This was the entrance to the portion of the museum containing all of the artwork and exhibits, it's high importance lies in that it is the first the you see when you walk in and last thing you see when you walk out. It also acts as a hub and connects different wings/exhibits of the museum's to to one another, although not all of them. The large spacing and lighting, with spotlights highlighting the locations of the works of art, also helped attribute to the feeling that needed to be encapsulated when walking in and seeing what the museum was like for the first time. The works of art at the entrance themselves were also something of intrigue, with things such as works utilizing optical illusions, one which was made entirely crushed up aluminum, quilts, pottery, historical works of art such as shovels used as currency, or other various things. The entrance overall did an effective job at welcoming an observer into the museum as it's first thing to be seen.
The Woodcutter, Robert Gwathmey, 1945
This work depicts the simple scene of two woodcutters doing their work. To me, the values behind it are ones of simplicity and being together, and the work may possibly depict a father and his son doing woodsman's outside a cabin. It helped to remind me of the values of being a family and working together with one another, in ease and peace. It reminded me of my of the many times my father would call me out to help him with work his yardwork in the backyard, and although I never wanted to work with him, I know that it was for the better and are now simple memories which I can look back and cherish in being able to spend the time with him, which are important.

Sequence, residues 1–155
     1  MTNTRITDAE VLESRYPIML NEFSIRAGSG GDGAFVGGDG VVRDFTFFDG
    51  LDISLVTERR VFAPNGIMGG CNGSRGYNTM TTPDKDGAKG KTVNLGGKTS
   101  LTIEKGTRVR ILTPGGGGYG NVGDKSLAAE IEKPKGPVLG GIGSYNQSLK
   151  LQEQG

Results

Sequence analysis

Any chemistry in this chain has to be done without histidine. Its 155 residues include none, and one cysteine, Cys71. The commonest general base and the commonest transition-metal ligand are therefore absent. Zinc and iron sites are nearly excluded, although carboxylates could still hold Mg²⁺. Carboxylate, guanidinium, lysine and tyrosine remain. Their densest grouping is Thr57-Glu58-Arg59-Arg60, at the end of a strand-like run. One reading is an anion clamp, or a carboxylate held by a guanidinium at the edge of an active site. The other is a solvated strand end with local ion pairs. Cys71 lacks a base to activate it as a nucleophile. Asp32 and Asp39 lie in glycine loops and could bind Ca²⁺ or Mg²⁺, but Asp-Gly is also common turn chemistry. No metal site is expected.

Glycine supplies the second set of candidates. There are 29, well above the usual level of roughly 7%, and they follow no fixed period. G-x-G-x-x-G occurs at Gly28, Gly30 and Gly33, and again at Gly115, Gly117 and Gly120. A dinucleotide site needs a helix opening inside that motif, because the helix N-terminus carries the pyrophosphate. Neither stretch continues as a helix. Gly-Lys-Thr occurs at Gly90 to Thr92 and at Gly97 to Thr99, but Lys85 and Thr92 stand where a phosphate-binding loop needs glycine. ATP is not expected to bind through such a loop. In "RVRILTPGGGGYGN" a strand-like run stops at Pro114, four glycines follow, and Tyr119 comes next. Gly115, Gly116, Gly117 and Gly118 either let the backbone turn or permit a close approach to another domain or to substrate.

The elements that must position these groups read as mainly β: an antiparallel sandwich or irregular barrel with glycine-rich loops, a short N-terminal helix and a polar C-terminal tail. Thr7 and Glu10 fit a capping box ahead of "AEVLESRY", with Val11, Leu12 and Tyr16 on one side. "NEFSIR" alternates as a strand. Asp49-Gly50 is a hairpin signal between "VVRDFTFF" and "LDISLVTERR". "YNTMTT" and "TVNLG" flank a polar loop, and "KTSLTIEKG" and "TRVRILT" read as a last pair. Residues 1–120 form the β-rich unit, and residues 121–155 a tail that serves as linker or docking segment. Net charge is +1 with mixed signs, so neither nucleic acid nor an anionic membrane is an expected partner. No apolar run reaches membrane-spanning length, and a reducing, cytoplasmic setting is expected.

Women Before a Mirror, Friedrich (Fritz) Capelari, 1915
Finally, this work depicts a Japanese woman looking at herself in the mirror, looking behind her at an observer. It was written by someone from Austria who lived much of his life in Japan and it's design/style takes influence from how many other depictions of these types of females were found in Japan in traditional art in it's history. It represents the module of embodying the Good Life in that it deals with the human body (that of a Japanese woman), and she is shown to be someone of a good degree beauty and elegance. Being that this work took inspiration from what, in Japan's history, may have depicted what a youthful, prime Japanese woman would look like, it can be related to how cultural/societal/human standards for physical beauty and attractiveness may change and vary from era to era, an important them discussed within the module. For this, it can show what Japan's perception of that may've been like through it's watercolor art.